To keep rodents from moving in, Lou Manfredini, a home improvement expert with Ace Hardware, recommends removing any safe havens. Start by doing a visual inspection around the perimeter of your home. Move any potential food sources -- like compost piles -- away from a location near the home and put them as far away as possible.

It's also a good idea to clear away debris rodents can use to nest. Look for cracks in the foundation of your home that could be an entry point for rodents.

If you suspect that a mouse has already infiltrated your home, you've probably already found its calling card. Mice tend to leave behind droppings, musky odors and teeth marks where they've gnawed baseboards, door or window casings. Another obvious sign is scuttling noises inside your walls at night.

To evict these unwanted guests Manfredini says, "Don't be so quick to patch up the holes in your foundation." He recommends placing bait just outside the hole (on the outside of the home). That way, the animal will be drawn out and will (hopefully) "expire" outside your home.

Once you've gotten rid of your unwanted tenant, you can use some coarse steel wool to plug the hole and caulk over it. If the culprit is a crack in your cement foundation, you can use pre-mixed patching cement to block the passageway.

4. Stop festering mold.

Combine moisture with poor ventilation and you could have a scary situation on your hands...namely creeping, crawling mold growth. Molds can seriously damage your home and some can even make you sick.

Ed Del Grande of the Do It Yourself Network's "Ed the Plumber" recommends good exhaust fans in bathrooms where moisture can easily collect after showers.

Dark, damp basements and crawl spaces can also be mold hotbeds. Watch for leaks from your hot water heater, plumbing system and seeping rain water. Serious floods will require pumping to remove the water.

But if what you've got is just a damp basement, Ed recommends using a dehumidifier to help remedy the problem.

He also says every homeowner should know where their plumbing valves are. That way, if you spring a leak somewhere in your home, you'll know how to shut water off at the source and prevent further flooding and potential mold growth.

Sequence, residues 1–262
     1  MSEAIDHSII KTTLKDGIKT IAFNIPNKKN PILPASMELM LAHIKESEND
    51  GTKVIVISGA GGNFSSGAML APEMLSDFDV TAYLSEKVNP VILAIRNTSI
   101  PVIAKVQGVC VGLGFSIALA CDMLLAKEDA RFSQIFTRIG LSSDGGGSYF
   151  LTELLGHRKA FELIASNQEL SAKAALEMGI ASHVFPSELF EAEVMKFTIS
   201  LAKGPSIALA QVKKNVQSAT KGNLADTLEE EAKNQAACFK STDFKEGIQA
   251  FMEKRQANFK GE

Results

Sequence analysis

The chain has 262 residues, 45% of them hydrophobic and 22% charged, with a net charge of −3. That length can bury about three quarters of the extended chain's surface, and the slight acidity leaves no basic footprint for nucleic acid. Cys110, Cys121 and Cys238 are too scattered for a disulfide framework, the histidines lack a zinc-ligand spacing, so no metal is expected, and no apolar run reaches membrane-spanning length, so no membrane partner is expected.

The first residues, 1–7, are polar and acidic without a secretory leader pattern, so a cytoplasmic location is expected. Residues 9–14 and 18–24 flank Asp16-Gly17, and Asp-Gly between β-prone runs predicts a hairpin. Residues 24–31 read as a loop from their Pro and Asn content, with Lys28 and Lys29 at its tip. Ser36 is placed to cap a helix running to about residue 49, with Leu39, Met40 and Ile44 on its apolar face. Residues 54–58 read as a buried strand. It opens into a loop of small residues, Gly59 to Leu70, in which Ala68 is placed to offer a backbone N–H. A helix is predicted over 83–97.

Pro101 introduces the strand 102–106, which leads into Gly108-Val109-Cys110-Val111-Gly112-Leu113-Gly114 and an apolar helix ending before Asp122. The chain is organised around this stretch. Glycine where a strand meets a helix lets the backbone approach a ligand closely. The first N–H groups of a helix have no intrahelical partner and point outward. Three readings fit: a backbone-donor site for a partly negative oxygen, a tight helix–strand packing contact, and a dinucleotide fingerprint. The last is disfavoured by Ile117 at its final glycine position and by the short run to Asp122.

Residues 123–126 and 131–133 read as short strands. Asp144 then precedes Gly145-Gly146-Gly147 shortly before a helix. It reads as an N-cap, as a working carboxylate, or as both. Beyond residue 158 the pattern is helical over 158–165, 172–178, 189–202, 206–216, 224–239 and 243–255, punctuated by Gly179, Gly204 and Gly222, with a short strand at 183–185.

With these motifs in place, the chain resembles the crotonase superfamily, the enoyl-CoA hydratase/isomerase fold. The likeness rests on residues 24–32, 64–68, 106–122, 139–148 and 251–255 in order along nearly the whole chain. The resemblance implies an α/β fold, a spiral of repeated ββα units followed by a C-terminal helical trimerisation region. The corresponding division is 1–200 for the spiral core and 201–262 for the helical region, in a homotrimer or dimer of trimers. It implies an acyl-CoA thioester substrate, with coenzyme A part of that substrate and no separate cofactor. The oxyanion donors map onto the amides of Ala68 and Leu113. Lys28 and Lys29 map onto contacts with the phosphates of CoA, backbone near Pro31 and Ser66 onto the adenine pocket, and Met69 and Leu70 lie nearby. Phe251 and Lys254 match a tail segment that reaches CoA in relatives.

Manfredini says if you've got surface mold in your bathroom or in a crawl space, bleach and water should take care of it. But if it comes back, it may be embedded. If that's the case, you'll probably want find a specialist to check it out. They'll know how to deal safely with all kinds of molds, including the toxic strains.

5. Get a grip on ghouls.

You've just moved in and already things are going wrong with your new house. Your toilets flush on their own. Your sinks turn on all by themselves. Is it just faulty plumbing or is there something more sinister happening in your house?

If there's no practical explanation for the odd occurrences, you may have just bought yourself a haunted house (officially classified as "stigmatized or psychologically impacted houses.") Stigmatized homes are defined as houses that have no physical defects but have a lower value or are more difficult to sell for emotional or psychological reasons.

Typically, those reasons are a murder, suicide or other untoward activity that's taken place in the home. If you suspect you've purchased one of these and you're not happy, you may have legal recourse.

However, according to Walter Molony of the National Association of Realtors, you'll first have to check with your state's real estate commission to find out if laws exist requiring the disclosure of stigmatized property. If you were duped, you may be able to sue to get the sale rescinded.

According to Dave Considine, founder and director of Phantasm Psychic Research (www.phantasmpsiresearch.com), 20 states including California, Connecticut, Virginia and Texas require sellers disclose these kinds of issues to new buyers.

If you want to stay in the house (without the ghosts), you should find a professional to help you get rid of your home's otherworldly inhabitants. Considine says he helps over 100 people a year in these kinds of circumstances. He charges nothing for his services. For more information on stigmatized homes, visit www.realtor.org.

Read Full Story

Find a Home

Buy
Rent
Value
Powered by Zillow

People are Reading